Peoples Temple and Black Religion in America

Peoples Temple and Black Religion in America

by Rebecca Moore
     
 

The Peoples Temple movement ended on November 18, 1978, when more than
900 men, women, and children died in a ritual of murder and suicide in their
utopianist community of Jonestown, Guyana. Only a handful lived to tell their story.
As is well known, Jim Jones, the leader of Peoples Temple, was white, but most of
his followers were black. Despite

Overview

The Peoples Temple movement ended on November 18, 1978, when more than
900 men, women, and children died in a ritual of murder and suicide in their
utopianist community of Jonestown, Guyana. Only a handful lived to tell their story.
As is well known, Jim Jones, the leader of Peoples Temple, was white, but most of
his followers were black. Despite that, little has been written about Peoples Temple
in the context of black religion in America. In 10 essays, writers from various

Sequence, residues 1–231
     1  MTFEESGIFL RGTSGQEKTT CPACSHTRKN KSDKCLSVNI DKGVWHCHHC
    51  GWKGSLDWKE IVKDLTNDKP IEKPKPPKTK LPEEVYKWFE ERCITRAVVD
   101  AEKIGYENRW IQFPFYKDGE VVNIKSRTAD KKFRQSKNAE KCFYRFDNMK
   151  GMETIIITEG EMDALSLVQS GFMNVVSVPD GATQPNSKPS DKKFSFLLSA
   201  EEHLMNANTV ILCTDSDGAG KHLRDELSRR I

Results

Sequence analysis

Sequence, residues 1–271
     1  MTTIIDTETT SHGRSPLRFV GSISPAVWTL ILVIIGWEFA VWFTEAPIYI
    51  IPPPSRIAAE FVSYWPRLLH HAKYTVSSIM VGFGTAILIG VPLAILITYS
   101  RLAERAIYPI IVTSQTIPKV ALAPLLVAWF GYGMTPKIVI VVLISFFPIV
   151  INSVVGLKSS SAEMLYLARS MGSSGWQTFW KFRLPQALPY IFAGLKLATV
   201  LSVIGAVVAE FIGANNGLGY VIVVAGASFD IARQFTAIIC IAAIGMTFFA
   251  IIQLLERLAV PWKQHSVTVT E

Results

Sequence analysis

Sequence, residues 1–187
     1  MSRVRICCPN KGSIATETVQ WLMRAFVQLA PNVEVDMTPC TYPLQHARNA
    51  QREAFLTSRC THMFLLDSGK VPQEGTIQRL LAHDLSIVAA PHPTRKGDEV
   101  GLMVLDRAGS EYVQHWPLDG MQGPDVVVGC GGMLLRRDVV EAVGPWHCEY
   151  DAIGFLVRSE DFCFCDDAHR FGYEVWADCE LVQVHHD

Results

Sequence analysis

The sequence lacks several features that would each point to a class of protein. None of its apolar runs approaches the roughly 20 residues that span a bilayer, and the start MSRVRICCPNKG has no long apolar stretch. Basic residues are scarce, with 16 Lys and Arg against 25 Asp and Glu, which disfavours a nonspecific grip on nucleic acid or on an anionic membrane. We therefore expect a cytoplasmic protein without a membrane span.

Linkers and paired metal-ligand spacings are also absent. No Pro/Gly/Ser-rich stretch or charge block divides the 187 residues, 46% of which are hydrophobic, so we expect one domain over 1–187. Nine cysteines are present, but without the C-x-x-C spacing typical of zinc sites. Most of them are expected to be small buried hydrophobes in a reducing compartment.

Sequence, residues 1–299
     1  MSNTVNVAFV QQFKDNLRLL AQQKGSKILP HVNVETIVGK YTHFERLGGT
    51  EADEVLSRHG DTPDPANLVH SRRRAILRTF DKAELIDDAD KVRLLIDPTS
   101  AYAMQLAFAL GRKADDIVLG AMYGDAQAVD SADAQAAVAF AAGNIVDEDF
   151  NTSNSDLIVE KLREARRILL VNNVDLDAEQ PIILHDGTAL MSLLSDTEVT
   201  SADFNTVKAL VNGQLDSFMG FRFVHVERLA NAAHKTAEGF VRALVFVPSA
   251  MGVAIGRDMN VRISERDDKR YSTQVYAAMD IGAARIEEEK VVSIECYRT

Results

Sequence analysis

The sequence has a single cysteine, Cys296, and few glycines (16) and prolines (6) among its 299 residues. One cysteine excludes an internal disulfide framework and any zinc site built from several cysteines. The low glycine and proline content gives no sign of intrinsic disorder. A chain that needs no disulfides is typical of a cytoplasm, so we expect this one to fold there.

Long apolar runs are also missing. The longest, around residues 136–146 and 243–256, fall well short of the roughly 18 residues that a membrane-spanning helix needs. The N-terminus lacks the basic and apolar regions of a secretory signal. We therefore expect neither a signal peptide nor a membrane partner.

disciplines address this gap in the scholarship. Twenty-five years after the tragedy
at Jonestown, they assess the impact of the black religious experience on Peoples
Temple.

Editorial Reviews

From the Publisher
"…Peoples Temple and Black Religion in America is an insightful, provocative and useful assemblage of essays, a vital contribution to the literature in its own right. One hopes that, in addition, the book will have the happy effect of generating still more scholarship and—not least of all—making way for the voices of more survivors, especially African Americans, to find their way into print." —The North Star: A Journal of African American Religious History

Product Details

ISBN-13:
9780253110831
Publisher:
Indiana University Press
Publication date:
03/11/2004
Sold by:
Barnes & Noble
Format:
NOOK Book
Pages:
224
File size:
936 KB

Meet the Author

Rebecca Moore, Associate Professor of Religious Studies at San Diego
State University, has published widely on Peoples Temple and Jonestown and maintains
a website on Peoples Temple. Anthony B. Pinn is the Agnes Cullen Arnold Professor of
Humanities and Professor of Religious Studies at Rice University, and is the author
of Varieties of African American Religious Experience. Mary R. Sawyer is Professor
of Religious Studies at Iowa State University, and the author of Black Ecumenism:
Implementing the Demands of Justice.

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